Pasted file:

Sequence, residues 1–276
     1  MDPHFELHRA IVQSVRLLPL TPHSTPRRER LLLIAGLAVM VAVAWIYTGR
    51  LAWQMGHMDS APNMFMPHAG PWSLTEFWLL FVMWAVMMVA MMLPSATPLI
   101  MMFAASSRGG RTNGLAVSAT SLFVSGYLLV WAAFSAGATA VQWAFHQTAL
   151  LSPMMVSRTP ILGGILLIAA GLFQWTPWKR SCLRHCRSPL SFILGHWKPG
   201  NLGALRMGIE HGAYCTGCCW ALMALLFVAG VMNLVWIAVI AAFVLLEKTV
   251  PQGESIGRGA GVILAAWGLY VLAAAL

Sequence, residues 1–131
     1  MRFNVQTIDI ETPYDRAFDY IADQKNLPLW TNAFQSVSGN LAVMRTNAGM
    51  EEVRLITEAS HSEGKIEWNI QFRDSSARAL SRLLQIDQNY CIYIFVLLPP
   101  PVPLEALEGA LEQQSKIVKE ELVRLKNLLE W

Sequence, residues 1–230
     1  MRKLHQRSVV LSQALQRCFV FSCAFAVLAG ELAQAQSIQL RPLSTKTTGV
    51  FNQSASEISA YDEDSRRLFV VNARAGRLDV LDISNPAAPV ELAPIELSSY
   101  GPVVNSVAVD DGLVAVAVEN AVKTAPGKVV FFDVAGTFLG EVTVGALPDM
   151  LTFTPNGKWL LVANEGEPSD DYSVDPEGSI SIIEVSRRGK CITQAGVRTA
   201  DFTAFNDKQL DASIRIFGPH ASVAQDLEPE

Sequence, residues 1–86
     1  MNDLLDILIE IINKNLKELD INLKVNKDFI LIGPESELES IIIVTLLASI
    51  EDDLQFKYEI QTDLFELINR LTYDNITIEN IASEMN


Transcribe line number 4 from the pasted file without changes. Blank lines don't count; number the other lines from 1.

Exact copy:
   101  MMFAASSRGG RTNGLAVSAT SLFVSGYLLV WAAFSAGATA VQWAFHQTAL